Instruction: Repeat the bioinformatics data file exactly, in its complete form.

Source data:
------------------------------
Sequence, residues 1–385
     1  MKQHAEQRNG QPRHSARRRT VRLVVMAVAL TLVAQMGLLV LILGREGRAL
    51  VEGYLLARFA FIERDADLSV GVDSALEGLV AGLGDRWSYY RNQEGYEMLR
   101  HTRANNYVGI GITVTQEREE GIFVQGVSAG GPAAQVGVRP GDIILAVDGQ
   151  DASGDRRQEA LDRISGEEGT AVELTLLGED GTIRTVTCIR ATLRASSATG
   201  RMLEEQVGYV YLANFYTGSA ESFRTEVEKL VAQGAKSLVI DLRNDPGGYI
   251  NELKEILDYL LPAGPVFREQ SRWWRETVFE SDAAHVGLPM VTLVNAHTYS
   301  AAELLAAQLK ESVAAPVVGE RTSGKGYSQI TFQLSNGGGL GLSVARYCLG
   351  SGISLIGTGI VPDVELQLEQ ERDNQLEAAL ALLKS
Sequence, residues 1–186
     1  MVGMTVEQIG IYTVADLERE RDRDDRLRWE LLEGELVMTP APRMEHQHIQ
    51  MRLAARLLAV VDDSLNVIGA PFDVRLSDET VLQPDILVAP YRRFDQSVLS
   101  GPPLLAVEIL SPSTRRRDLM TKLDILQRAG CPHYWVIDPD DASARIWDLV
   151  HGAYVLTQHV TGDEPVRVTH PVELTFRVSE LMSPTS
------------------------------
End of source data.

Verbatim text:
Sequence, residues 1–385
     1  MKQHAEQRNG QPRHSARRRT VRLVVMAVAL TLVAQMGLLV LILGREGRAL
    51  VEGYLLARFA FIERDADLSV GVDSALEGLV AGLGDRWSYY RNQEGYEMLR
   101  HTRANNYVGI GITVTQEREE GIFVQGVSAG GPAAQVGVRP GDIILAVDGQ
   151  DASGDRRQEA LDRISGEEGT AVELTLLGED GTIRTVTCIR ATLRASSATG
   201  RMLEEQVGYV YLANFYTGSA ESFRTEVEKL VAQGAKSLVI DLRNDPGGYI
   251  NELKEILDYL LPAGPVFREQ SRWWRETVFE SDAAHVGLPM VTLVNAHTYS
   301  AAELLAAQLK ESVAAPVVGE RTSGKGYSQI TFQLSNGGGL GLSVARYCLG
   351  SGISLIGTGI VPDVELQLEQ ERDNQLEAAL ALLKS
Sequence, residues 1–186
     1  MVGMTVEQIG IYTVADLERE RDRDDRLRWE LLEGELVMTP APRMEHQHIQ
    51  MRLAARLLAV VDDSLNVIGA PFDVRLSDET VLQPDILVAP YRRFDQSVLS
   101  GPPLLAVEIL SPSTRRRDLM TKLDILQRAG CPHYWVIDPD DASARIWDLV
   151  HGAYVLTQHV TGDEPVRVTH PVELTFRVSE LMSPTS